Father Spyridon Bailey is a convert to Orthodox Christianity. He’s a priest of the Russian Orthodox Church Outside of Russia serving in England and Ireland. The book follows his life changing journey to the heart of Orthodox spirituality and monasticism on Mount Athos.
During his time on Mount Athos, Father Spyridon encountered monks and hermits who live their Orthodox faith and share the wisdom of their lives. His book provides an insight into this sacred and entirely male community.
Mount Athos, called the Holy Mountain, is a 30-mile long by 10-mile wide isolated peninsula in northern Greece. The peninsula is the home for 20 Orthodox monasteries and approximately 2,000 Greek, Serbian, Bulgarian, Russian and other monks. These monks live in constant prayer and asceticism to attain a oneness with God. For non-Orthodox, the best way to describe Mount Athos would be a Christian Tibet.
St. Nikolai Velimirovich of Zhicha wrote in Serbian that Mount Athos is “an empire without a crown, a nation without army, a country without women, wealth without money, wisdom without education.”
The arrival of St. Herman and a group of eight monks on this island on Sept. 24, 1794, planted a seed for the Orthodox Church in the region. “Orthodox Alaska: A Theology of Mission” by Archpriest Michael Oleksa explains how Alaska became the spiritual cradle of Orthodox Christianity in North America.
The book is divided into three parts. The first part covers the historical background of the Alaskan Orthodoxy. The second part talks about the Alaskan Orthodox Mission. The third part addresses the hard times of the suppression of Orthodoxy in Alaska by the federal government and Alaska’s enduring Orthodox heritage.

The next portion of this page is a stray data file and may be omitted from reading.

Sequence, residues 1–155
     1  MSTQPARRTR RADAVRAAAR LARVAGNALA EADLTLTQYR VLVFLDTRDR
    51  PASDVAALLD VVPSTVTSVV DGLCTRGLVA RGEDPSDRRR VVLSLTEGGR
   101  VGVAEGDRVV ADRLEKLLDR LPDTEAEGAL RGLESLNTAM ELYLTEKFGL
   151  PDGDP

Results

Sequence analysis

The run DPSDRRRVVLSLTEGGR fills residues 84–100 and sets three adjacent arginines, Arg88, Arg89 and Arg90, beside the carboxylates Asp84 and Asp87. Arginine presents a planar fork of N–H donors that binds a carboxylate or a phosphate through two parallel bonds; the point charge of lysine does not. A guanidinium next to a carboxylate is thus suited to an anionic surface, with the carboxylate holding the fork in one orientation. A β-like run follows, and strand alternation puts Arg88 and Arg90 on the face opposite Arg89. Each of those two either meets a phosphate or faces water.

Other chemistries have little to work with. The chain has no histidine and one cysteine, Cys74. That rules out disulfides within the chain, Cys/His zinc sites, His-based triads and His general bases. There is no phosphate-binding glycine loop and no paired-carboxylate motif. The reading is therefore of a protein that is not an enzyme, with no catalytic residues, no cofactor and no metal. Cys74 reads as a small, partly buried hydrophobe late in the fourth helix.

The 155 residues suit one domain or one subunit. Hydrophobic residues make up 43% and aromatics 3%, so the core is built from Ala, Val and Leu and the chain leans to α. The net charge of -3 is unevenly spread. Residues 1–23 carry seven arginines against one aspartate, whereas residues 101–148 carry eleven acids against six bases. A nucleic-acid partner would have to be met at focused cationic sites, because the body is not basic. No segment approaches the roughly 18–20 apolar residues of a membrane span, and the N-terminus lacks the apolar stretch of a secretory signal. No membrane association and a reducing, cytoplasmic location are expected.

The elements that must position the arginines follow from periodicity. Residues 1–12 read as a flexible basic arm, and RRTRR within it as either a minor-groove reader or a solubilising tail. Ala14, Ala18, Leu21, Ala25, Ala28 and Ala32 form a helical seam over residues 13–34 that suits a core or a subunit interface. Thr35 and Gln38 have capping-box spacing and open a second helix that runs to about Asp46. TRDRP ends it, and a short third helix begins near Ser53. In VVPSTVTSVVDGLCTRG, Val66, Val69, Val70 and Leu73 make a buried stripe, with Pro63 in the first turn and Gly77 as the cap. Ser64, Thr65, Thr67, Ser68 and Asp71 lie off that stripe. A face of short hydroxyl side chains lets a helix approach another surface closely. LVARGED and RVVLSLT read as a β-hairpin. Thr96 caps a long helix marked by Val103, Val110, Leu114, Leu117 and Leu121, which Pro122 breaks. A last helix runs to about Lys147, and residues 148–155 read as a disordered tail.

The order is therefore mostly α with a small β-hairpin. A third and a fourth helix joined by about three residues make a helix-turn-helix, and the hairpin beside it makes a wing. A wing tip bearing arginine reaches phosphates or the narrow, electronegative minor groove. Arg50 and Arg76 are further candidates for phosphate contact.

“Orthodox Alaska: A Theology of Mission” gives a well-deserved credit to Alaska Natives for their role in the process of creating the Indigenous Orthodox culture.
Oleksa was an Alaskan Orthodox missionary for nearly half a century. He completed his doctoral work in church history and patristics at the Orthodox Theological Faculty in Presov, Slovakia, in 1988. He then spent a year of research and teaching at Moscow’s St. Patriarch Tikhon Theological Institute. In 1996, he was elected Dean of St. Herman Seminary in Kodiak, Alaska.
Known for his missionary work and the history of Orthodox Church in America’s northernmost state, Father Oleksa is a leading expert on Orthodoxy in Alaska. His expertise makes him a go-to person to talk about Orthodox Church in Alaska, and his “Orthodox Alaska: A Theology of Mission” is the most comprehensive, if not the only, book of its kind.
Long before popular podcasts “The Bible in a Year with Fr. Mike Schmitz” and “Bible 365 with Rabbi Dr. Meir Soloveichik,” there was “The Prologue of Ohrid,” written by St. Nikolai of Zhicha. Although it doesn’t discuss the Bible, this seminal work covers the lives of saints, hymns, reflections and homilies for every day of the year.
St. Nikolai Velimirovich of Zhicha was one of the most influential Orthodox theologians of the 20th century. His work, theological depth and oratory skills earned him the nickname the “Serbian Chrysostom” after St. John Chrysostom, an early church father who was known for his preaching and public speaking and for composing the Sunday liturgy most commonly used in Orthodox churches today.
“The Prologue of Ohrid” was originally published in 1926. In 2017, the text was translated from Serbian, edited by Bishop Maxim of the Serbian Orthodox Diocese of Western America, and published by St. Sebastian Orthodox Press. In addition to the new translation, this edition includes many new saints from the Orthodox world that are not found in the original version.
St. Nikolai’s Prologue is well known and widely read among Orthodox Christians around the globe. Many Orthodox Christians find this book an inspirational guide to lives of saints and the church’s wisdom. In addition to various editions that can be found on the internet, the Australian and New Zealand Diocese of the Russian Orthodox Church Outside of Russia posted the complete version of the Prologue on its website.